Referring to FIG. 8, there is shown a plan view of a machine incorporating the preferred embodiment of my invention. In general terms, the machine in FIG. 8 includes a blank storage and feeding section 100, a box forming section 200 and a box collapsing section 300.
Considering the blank storage section 100, conventional blank storage and feeding means may be employed. However, I have found it preferable to employ a construction wherein a guantity of blanks are stacked on top of a number of horizontally disposed and vertically movable arms 101. The arms may be rigidly secured to a common cross member 102 which is vertically movable by a chain drive (not shown). In operation, the uppermost blank on the stack resting on the arms 101 is lifted off the stack by suction cups or other equivalent devices and fed between rotating feed rollers which advance the blank into the blank feeding section 105. As each blank is lifted off the stack and fed to the blank feeding section 105, the chain drive may be actuated so as to index upwardly the stack of blanks by one step, thereby assuring that the uppermost blank remains in a position close to whatever device is used to feed the blanks from the stack to the blank feeding section.
When the blank is received in the blank feeding section 105, it is disposed above a chain drive 106. Mounted on the chain drive 106 is a lug 107. Thus, when the chain drive is actuated, the lug 107 engages the trailing edge of the blank and feeds the blank in the direction of the arrow 108, i.e. the blank is fed from the blank storage and feeding section 100 into the box forming section 200.
Located between the blank feeding and storage section 100 and the box forming section 200 are a plurality of adhesive depositing guns 90. Depending downwardly from the cross member 91 upon which the adhesive guns 90 are mounted, is the arm of a microswitch which is tripped when a blank passes thereunder. In response, the adhesive depositing guns 90 are actuated and deposit adhesive on the end flaps and side panels of the blank. More specifically, using conventional timing mechanisms, the glue guns are actuated to deposit an adhesive pattern as shown in FIG. 1. Those skilled in the art will appreciate that there are a variety of devices available for detecting the passage of a blank below the cross member 91 and appropriately actuating the glue guns 90, for example lever operated microswitches or photocells.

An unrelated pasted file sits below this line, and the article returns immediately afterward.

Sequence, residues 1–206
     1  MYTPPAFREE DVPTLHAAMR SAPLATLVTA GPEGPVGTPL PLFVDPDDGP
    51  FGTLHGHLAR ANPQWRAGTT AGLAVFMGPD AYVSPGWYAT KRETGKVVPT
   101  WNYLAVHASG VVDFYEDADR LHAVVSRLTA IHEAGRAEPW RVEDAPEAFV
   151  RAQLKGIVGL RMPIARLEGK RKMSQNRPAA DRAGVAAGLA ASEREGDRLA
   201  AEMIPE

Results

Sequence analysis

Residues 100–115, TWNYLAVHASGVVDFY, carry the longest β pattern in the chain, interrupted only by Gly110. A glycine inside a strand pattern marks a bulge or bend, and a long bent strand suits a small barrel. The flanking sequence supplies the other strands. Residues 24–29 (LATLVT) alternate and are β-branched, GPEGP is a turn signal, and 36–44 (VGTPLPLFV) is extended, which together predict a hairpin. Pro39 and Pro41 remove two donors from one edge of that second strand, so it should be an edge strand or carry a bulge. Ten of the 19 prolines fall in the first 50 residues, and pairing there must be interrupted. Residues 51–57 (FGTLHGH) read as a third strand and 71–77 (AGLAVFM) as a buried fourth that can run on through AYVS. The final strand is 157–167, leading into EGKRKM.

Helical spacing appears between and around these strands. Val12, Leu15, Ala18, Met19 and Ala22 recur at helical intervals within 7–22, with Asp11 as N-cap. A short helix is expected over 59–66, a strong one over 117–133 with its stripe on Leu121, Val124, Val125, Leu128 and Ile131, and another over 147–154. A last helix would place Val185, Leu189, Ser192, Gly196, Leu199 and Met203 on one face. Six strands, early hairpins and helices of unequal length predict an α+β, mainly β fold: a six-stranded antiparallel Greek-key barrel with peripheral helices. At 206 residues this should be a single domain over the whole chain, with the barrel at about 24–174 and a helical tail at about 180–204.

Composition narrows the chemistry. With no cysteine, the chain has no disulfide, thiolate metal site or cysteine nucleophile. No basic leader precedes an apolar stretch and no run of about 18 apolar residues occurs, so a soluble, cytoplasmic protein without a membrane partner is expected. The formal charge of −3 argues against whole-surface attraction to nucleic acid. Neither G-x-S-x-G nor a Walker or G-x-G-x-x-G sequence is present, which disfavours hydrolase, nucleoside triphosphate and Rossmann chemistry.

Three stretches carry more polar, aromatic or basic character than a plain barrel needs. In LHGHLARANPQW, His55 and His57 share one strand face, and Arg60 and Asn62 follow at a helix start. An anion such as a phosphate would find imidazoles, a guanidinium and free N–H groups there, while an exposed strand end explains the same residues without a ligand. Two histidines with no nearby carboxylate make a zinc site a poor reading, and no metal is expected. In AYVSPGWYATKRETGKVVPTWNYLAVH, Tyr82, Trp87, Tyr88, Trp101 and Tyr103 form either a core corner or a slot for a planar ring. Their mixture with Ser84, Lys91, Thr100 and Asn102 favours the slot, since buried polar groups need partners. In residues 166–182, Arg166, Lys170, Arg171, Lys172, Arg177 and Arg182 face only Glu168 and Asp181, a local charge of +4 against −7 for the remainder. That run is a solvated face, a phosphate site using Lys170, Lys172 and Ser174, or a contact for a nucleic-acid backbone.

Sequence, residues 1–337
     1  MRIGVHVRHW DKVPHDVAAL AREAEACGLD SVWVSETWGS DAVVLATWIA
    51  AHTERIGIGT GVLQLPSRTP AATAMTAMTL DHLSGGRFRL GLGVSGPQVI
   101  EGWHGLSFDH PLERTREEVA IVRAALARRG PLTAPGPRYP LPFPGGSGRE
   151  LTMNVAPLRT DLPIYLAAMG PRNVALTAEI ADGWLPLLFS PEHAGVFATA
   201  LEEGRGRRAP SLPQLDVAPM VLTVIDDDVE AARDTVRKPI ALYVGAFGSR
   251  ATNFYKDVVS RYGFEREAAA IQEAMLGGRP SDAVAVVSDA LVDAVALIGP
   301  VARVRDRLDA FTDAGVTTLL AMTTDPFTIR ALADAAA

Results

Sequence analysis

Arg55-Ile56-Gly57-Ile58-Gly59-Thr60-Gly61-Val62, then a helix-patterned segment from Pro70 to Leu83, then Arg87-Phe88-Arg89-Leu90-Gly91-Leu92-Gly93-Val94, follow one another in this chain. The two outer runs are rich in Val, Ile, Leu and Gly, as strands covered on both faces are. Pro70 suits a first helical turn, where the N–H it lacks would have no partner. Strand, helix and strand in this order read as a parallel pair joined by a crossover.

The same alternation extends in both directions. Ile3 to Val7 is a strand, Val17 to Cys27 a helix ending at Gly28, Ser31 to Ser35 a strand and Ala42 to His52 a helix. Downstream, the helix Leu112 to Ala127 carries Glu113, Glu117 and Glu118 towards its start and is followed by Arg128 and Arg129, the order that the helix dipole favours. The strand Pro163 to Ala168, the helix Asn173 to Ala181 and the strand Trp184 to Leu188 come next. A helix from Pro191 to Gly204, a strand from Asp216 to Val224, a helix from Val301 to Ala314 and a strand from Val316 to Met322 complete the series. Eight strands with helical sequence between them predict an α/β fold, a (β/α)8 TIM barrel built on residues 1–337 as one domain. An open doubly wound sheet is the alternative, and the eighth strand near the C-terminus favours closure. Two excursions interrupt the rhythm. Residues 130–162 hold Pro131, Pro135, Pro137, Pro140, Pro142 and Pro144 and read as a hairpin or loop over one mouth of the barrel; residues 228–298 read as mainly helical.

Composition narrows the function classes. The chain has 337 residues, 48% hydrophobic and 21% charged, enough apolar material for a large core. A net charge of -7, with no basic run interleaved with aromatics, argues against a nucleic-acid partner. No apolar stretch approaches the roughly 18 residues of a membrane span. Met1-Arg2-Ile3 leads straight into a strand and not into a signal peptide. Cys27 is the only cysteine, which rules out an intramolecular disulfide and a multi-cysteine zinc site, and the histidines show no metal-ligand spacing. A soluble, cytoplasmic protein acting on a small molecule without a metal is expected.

The box forming section 200 includes horizontally disposed frame members 201 and 202. Preferably, the frame members 201 and 202 are L-shaped members in order that they also function to support a blank in a substantially horizontal plane, e.g. the blank 19 shown in phantom in FIG. 8. To insure that the blank is accurately, longitudinally positioned when it is fed from the blank storage section 100, a stop member 203, mounted on the cross member 202, may be provided.
Referring to FIGS. 8 and 9, it will be seen that when the blank 19 is appropriately positioned within the box forming section 200, it will be disposed beneath a vertically and reciprocably mounted mandrel 205. The mandrel 205 has transverse faces 223, longitudinal or side faces 220 and a bottom face 221. Extending upwardly from the bottom face 221 are two guide bars 207. The guide bars 207 are slidably received in guide blocks 208 which are fixedly secured to the cross machine member 210. To provide reciprocating movement of the mandrel 205, a cylinder 211 is fixedly secured to the cross member 210. Extending downwardly from the cylinder 211 is a piston, the free end of which is secured to the bottom plate 221 of the mandrel 205.
A pair of guide shoes 213 are stationarily disposed adjacent to the sides 220 of the mandrel 205. The guide shoes 213 are mounted by brackets 214 which are secured, at one end, to the shoes 213 and, at the other end, to the cross member 210. Preferably, the brackets 213 are provided with outwardly extending, oppositely directed faces 215. FIG. 9 represents the position of the blank and the mandrel prior to beginning the forming sequence of my invention.
Referring to FIG. 10, the first step in the forming sequence of my invention is shown as well as the apparatus elements associated therewith. Thus, as previously indicated, the first step in my folding sequence is to fold each of the side flaps 22 perpendicular to the end panels 23 to which they are respectively, foldably secured. To accomplish this step, side flap folding means in the form of folding arms 230 are rotatably mounted on respective frame members 205. As may best be seen in FIG. 8, a side flap folding arm 230 is provided at diagonally opposite corners of the mandrel 221. Referring again to FIG. 10 wherein, for clarity, only one of the side flap folding arm is shown, it will be seen that the side flap folding arm shown therein is provided with an extension arm 231. The free end of a piston 232 is pinned to the free end of the arm 231. The piston 232 is operatively received in double acting cylinder 233. The cylinder 233 is pinned to a frame member 234 as shown at 235. As suggested by the phantom lines in FIG. 10, when the piston 232 is in its retracted position (see 232') the folding arm 230 is disposed in a horizontal plane beneath the side flap 22 as shown by the phantom representation 230'. When the cylinder 233 is actuated, the piston 232 is extended thus rotating the folding arm 230 90° and thereby folding the side flap 22 perpendicular to the end panel 23. To insure that each of the side flaps 22 are not folded passed a vertical plane, folding stop bars 237 may be provided. For clarity, only one folding stop bar 237 is shown in FIGS. 8 and 10, however, it will be understood that although only one such bar is shown, an identically constructed bar will be similarly located diagonally opposite to the bar 237 as shown in FIG. 8.